North Korea promulgates ginseng law

By Zhang Han Source:Global Times Published: 2019/1/27 23:23:39

Mixed reactions in China concerning impact on trade and cultivation



Two saleswomen display ginseng in a shop in Yiwu, East China's Zhejiang Province. The ginseng, very popular among local residents, are freshly transported from Changbai Mountain, Northeast China's Jilin Province by airplanes. The first patch of over 5,000 ginseng was sold out as soon as it arrived. Jilin is China's major producer of ginseng, accounting for 80 percent of the total output in the country and 70 percent of the total production worldwide. Photo: IC



North Korea has established an association and passed a law to regulate its ginseng production and trade, but Chinese analysts and planters gave differing opinions on the potential challenges North Korean ginseng might bring to China's domestic industry. 

Da Zhigang, director of the Institute of Northeast Asian Studies at Heilongjiang Provincial Academy of Social Sciences, told the Global Times on Sunday that North Korea is aiming to use the law to boost its ginseng industry, which is already a  great contributor to the country's economy and foreign exchange since medicinal materials are not on the list of UN sanctions against North Korea. 

North Korea is obviously seeing medicinal plants, especially ginseng, as a potential economy booster, Da said.

North Korea's Supreme People's Assembly has passed and promulgated a law on ginseng.

The 48-article law elaborates on working principles for government departments related to ginseng production, including farmland building, cultivating, trade, and subsequent processing, Korean Central News Agency (KCNA) reported on Friday. 

North Korea also established an Insam (ginseng) Association to supervise ginseng cultivation, purchase, processing and export, in a unified way, said KCNA in a report on Tuesday.

A Chinese ginseng planter surnamed Zhang from Baishan, Northeast China's Jilin Province, told the Global Times on Sunday that he thought North Korea's ginseng law will "definitely challenge domestic industry," saying that North Korea's expanding export to China will drive China's domestic products into the corner.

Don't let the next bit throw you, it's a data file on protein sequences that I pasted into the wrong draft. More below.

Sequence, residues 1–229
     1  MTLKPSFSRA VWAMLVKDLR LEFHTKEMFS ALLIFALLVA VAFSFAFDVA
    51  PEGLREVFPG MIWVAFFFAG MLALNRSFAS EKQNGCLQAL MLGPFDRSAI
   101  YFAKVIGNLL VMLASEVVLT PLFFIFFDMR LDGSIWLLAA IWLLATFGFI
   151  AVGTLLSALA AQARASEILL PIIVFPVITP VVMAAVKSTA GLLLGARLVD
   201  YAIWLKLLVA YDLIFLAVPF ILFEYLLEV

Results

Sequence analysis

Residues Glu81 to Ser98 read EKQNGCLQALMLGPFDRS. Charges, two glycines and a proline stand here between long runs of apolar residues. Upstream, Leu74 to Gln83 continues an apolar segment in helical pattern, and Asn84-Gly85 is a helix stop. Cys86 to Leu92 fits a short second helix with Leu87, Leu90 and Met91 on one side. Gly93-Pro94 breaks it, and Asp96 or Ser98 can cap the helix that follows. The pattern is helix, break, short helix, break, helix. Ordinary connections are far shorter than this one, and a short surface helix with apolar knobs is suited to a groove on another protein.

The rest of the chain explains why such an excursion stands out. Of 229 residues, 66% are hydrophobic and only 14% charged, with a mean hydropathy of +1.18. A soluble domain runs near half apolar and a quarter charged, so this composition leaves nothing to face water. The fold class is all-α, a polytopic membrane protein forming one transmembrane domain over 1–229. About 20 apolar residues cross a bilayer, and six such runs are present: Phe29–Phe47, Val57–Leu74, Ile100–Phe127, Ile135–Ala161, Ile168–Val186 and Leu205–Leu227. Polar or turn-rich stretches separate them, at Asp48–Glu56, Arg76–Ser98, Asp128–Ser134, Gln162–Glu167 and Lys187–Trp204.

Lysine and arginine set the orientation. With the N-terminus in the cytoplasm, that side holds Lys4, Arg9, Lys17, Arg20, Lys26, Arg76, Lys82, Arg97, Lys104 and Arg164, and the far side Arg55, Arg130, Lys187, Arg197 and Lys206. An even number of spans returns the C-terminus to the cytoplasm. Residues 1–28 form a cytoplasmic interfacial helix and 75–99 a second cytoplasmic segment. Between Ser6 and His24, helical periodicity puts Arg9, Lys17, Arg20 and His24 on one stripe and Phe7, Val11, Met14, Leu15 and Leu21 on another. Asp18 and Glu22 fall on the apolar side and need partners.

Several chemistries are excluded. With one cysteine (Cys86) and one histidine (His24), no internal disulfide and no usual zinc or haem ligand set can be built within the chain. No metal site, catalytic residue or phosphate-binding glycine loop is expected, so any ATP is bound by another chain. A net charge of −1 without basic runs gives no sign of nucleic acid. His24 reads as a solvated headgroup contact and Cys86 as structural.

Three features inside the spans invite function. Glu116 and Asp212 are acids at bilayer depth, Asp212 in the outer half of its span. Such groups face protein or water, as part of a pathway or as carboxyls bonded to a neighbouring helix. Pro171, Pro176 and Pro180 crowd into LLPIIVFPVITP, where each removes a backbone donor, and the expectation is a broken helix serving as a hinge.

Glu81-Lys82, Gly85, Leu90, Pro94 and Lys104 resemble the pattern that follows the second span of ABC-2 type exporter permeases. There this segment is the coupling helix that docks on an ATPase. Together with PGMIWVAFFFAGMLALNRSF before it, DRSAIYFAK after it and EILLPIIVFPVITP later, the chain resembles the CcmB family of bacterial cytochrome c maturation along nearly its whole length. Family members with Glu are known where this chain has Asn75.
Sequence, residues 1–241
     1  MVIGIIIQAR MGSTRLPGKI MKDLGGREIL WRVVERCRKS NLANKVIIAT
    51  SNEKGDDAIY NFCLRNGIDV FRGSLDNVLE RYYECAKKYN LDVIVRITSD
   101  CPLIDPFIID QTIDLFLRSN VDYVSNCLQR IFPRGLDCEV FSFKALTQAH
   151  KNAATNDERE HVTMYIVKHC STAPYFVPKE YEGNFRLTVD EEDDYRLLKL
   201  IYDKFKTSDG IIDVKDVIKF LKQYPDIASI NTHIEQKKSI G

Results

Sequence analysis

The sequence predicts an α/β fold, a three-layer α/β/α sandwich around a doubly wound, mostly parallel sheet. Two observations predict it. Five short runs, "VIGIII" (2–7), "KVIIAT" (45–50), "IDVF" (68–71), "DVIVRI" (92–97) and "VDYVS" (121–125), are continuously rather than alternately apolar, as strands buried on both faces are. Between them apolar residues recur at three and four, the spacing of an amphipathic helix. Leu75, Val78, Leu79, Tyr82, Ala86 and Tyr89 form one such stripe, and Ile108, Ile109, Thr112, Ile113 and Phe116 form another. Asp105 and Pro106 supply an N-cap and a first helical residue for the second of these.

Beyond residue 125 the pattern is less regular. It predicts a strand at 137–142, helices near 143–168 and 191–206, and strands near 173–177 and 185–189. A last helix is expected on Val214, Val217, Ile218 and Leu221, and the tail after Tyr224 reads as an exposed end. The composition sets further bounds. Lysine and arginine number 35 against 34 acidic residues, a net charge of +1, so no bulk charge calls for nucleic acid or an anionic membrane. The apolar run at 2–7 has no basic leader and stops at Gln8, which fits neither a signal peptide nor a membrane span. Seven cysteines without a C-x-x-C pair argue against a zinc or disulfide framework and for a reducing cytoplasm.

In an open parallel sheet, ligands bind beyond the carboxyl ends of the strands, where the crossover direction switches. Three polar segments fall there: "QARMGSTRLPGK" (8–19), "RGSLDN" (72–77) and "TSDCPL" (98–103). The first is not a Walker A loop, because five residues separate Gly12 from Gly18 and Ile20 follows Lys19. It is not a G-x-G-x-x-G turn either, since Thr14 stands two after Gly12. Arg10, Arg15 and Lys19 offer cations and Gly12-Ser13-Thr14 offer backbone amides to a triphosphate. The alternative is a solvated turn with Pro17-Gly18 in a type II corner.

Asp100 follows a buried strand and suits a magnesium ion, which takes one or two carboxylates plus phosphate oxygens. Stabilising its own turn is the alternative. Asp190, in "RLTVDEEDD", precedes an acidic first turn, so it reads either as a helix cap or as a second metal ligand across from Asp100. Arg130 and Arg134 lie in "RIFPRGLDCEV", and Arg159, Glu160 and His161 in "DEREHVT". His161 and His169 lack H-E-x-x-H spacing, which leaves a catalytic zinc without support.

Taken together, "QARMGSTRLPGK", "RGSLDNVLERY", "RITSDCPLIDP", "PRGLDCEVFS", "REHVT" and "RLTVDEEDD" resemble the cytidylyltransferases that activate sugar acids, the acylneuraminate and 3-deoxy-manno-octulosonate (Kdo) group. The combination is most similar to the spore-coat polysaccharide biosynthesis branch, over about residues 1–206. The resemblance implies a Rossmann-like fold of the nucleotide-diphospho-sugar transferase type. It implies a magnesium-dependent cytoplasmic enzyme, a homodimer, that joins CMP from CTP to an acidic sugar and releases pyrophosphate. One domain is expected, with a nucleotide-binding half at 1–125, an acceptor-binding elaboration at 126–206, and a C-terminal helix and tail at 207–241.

However, Da pointed out that the law would also bring opportunities to China's ginseng industry in the long run. 

North Korea has high-quality ginseng but lacks processing technology, which creates a base for bilateral cooperation. China can also help in marketing the ginseng globally in the long run, Da said.

North Korean leader Kim Jong-un visited a plant of Tong Ren Tang, one of China's most prestigious traditional Chinese medicine (TCM) pharmacies, during his visit to Beijing earlier this month. 

At the plant, Kim inspected relevant processing and production lines that use both traditional and modern techniques. 

A Global Times reporter found that Chinese ginseng slices are sold from 50 to 160 yuan ($7-24)  per 100 grams on Taobao, China's e-commerce giant, while North Korean ginseng is sold at about 299 yuan per 100 grams.  

The North Korean and Chinese ginseng are actually the same plant. But Korean ones are "more natural due to using less fertilizers and pesticides and are therefore being sold for two to three times the price of domestic ginseng," according to Zhang

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